Backing up your text messages from your Android phone to your Gmail account is so simple, there’s no reason to not back them up and make them search-friendly in the process. Read on to see how you can turn your Gmail account into an SMS vault.
What You’ll Need
It’s easy to lose your text messages. Everything from switching phones to fumble fingers can drop your messages in front of the digital reaper—just last night I managed to accidentally delete a massive SMS thread when I really only intended to delete a single message that refused to send.
Backing up your SMS messages to your Gmail account is so simple, however, there’s no good reason not to do it. For this tutorial you’ll need three things:
Got all that? Let’s get started!
NOTE: Technically, you can dig around the advanced settings of SMS Backup+ to reconfigure it to work with any IMAP-enabled email server. However, since it was designed to work with Gmail and works so well with Gmail’s search, threading, and starring functionality, we’re not going to mess with a good thing.
Step One: Configure Your Gmail Account for IMAP Access
SMS Backup+ requires IMAP access to your Gmail account to function. Let’s take a moment and hop over to the Gmail account we’re planning on using with the application and check the status.
Login to your Gmail account and navigate to Settings –> Forwarding and POP/IMAP. Check Enable IMAP. Scroll down and click Save Changes. That’s the only configuration you’ll need to do within your Gmail account.
Step Two: Install and Configure SMS Backup+
With our Gmail account IMAP features toggled on, it’s time to install SMS Backup+. Hit up the Google Play Store and download the app. After the application is installed, it’s time to get configuring. Launch the application. The first screen you’ll see will look like the following:
The first step is to set up the connection to your Gmail account. Tap “Connect”. The Account Picker on your Android phone will launch, and you’ll be prompted to choose the Gmail account you want to use for backing up your messages.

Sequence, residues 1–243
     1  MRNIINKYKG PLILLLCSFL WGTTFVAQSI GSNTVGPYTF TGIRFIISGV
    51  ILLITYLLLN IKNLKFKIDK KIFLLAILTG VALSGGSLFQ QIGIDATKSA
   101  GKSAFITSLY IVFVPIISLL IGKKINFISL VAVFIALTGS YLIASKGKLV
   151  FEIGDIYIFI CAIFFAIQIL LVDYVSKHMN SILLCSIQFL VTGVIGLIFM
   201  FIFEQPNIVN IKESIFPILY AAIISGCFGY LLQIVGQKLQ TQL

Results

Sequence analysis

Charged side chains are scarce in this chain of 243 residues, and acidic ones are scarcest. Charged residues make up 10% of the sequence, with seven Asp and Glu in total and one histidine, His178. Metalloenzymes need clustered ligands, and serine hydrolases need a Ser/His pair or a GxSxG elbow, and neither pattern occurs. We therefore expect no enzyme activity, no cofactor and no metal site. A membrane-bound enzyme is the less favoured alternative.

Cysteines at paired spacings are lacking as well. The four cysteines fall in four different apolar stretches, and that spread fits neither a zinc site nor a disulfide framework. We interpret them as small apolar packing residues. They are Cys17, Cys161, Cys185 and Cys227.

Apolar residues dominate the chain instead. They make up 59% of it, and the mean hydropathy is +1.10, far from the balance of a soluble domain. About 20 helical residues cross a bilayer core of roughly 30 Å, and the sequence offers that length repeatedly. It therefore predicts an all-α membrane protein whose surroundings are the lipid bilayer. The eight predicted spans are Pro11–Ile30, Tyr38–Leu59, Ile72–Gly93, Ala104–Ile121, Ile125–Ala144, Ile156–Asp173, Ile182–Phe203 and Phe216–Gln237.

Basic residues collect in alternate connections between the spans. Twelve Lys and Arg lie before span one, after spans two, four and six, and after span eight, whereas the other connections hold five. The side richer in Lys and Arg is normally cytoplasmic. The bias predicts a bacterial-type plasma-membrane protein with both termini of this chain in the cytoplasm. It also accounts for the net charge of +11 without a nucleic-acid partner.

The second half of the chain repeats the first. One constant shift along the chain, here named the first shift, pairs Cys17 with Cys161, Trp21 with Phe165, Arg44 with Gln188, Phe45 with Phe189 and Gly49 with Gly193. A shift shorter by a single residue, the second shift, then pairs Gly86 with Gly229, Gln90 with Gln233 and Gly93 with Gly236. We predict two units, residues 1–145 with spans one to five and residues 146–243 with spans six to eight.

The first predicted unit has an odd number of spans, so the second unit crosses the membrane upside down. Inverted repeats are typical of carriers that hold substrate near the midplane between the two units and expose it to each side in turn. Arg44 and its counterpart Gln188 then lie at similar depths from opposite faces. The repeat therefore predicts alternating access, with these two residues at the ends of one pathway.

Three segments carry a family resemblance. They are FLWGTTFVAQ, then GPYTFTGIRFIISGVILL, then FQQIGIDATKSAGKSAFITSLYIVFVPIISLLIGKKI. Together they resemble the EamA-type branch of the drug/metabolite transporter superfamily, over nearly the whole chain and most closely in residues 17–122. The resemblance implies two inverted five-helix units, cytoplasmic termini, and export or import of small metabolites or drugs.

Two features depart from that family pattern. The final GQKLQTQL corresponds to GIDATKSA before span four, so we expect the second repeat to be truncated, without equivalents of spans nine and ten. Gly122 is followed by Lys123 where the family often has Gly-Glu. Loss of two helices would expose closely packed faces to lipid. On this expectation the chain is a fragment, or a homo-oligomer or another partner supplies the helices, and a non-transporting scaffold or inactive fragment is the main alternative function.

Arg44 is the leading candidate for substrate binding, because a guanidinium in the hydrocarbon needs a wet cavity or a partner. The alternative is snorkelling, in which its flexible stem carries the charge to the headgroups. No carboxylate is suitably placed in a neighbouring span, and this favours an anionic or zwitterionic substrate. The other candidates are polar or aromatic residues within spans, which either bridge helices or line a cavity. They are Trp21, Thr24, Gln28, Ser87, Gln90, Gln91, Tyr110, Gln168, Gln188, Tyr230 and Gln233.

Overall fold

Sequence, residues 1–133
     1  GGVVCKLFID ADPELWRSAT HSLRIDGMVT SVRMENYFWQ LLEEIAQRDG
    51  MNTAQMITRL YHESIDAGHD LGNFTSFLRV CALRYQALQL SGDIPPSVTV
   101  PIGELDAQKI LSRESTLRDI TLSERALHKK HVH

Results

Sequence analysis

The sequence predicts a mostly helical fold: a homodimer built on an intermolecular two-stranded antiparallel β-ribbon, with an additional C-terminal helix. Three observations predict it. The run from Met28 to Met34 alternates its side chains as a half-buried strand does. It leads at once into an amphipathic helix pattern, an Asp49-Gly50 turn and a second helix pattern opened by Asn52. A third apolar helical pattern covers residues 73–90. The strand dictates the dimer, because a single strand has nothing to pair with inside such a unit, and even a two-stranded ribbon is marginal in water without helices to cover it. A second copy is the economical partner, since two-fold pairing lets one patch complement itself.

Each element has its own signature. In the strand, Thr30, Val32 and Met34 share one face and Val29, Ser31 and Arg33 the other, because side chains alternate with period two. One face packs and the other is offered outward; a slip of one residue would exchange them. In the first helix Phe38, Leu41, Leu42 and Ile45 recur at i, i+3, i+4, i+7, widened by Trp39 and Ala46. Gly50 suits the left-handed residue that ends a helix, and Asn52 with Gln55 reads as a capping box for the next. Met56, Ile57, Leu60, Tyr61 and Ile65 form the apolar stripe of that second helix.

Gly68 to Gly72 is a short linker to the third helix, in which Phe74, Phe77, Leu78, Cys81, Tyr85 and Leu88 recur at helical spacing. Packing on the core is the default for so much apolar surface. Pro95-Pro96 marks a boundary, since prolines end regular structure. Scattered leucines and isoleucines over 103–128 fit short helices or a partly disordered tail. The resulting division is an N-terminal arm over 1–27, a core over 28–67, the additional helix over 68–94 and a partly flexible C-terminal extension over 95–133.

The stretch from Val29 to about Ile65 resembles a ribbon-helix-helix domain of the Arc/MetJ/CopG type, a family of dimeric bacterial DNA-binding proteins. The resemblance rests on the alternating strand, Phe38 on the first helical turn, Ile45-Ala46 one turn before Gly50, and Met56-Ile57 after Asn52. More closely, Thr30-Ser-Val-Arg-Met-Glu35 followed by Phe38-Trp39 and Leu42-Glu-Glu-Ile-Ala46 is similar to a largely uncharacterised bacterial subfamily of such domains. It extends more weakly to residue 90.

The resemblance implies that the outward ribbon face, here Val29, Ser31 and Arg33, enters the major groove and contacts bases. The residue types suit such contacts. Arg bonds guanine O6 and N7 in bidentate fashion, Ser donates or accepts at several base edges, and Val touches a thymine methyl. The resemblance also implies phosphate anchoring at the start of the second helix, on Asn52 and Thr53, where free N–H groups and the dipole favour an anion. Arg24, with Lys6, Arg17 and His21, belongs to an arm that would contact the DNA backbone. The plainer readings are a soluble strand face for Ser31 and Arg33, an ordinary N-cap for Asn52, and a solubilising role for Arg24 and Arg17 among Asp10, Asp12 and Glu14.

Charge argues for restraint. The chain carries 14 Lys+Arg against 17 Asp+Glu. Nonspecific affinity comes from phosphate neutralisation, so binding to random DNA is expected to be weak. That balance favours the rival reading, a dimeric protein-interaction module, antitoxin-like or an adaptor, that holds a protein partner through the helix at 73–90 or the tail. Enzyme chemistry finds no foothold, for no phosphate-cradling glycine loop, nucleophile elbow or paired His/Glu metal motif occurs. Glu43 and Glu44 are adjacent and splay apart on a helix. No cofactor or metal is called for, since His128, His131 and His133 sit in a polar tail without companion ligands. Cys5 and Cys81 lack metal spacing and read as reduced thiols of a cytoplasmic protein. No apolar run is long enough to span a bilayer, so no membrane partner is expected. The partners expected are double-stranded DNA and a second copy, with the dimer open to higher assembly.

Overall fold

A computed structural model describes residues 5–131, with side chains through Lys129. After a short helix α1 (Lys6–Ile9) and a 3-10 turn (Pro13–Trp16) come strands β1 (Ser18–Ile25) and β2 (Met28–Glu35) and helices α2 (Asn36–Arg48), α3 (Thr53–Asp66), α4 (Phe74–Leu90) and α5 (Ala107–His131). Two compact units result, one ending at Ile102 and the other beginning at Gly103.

Update: Google broke this part of the process. Google won’t let you connect third-party apps directly to your account in this way anymore. Android Police offers a workaround that will let you connect the app to your Gmail through the use of an app-specific password and custom IMAP server settings. We recommend following their instructions.
Choose your account and grant the requested permissions. You’ll be prompted to begin a backup immediately or skip the initial backup.
Click “Backup”. We didn’t come all this way not to back things up! If you hit Skip, then all the messages on your phone will be flagged as already backed up and will be ignored.
The backup process will start, and depending on how many messages you have, will take anywhere from a minute to a half hour (or longer!) to complete. It clips along at about a message per second.
You don’t even have to wait until the process is finished to jump over to the Gmail account and check the progress. Log in to your Gmail account from a web browser. You’ll see a new label in the sidebar: “SMS”. Click on it.
Success! SMS Backup+ automatically backs up your SMS messages as well as your MMS messages. Not only are all of our text messages there but the pictures we’ve sent back and forth are backup up to Gmail along with the messages. Now that we’ve got everything humming along, let’s look at some advanced options.
Step Three (Optional): Turn On Automatic Backups
If you do nothing else before leaving this tutorial, you need to turn on the automatic backup feature. Leaving things up to manual backup in a surefire way to forget. From the main screen, tap “Auto backup” to turn it on, and then tap on “Auto backup settings” to configure the frequency. The default configuration is a bit aggressive. You may wish to, as we did, decrease the frequency of backups and even set it to only backup one Wi-Fi if you’re backing up a lot of MMS and don’t want to burn through your mobile data quota.
After you’ve set up the automatic backup, return to the main screen and head into Advanced Settings. There, you can change the settings for backing up, restoring, and notifications. Under “Backup”, there are some useful settings you may wish to toggle, include turning off MMS backup (again, to save on data consumption), and creating a whitelist of contacts you want backed up (instead of the default where every single message is backed up).
There isn’t much to look at under the Restore settings, but you can take advantage of a handy Gmail-centric trick. When SMS Backup+ stores your messages in Gmail it creates a thread for each contact. You can tell SMS Backup+ to only restore the contacts with starred threads which allows you to quickly select which conversations are important enough to restore via the star system in Gmail.
There you have it! All your text messages (including multimedia attachments) are backed up within Gmail where you can easily search them and restore them to your handset should the need arise.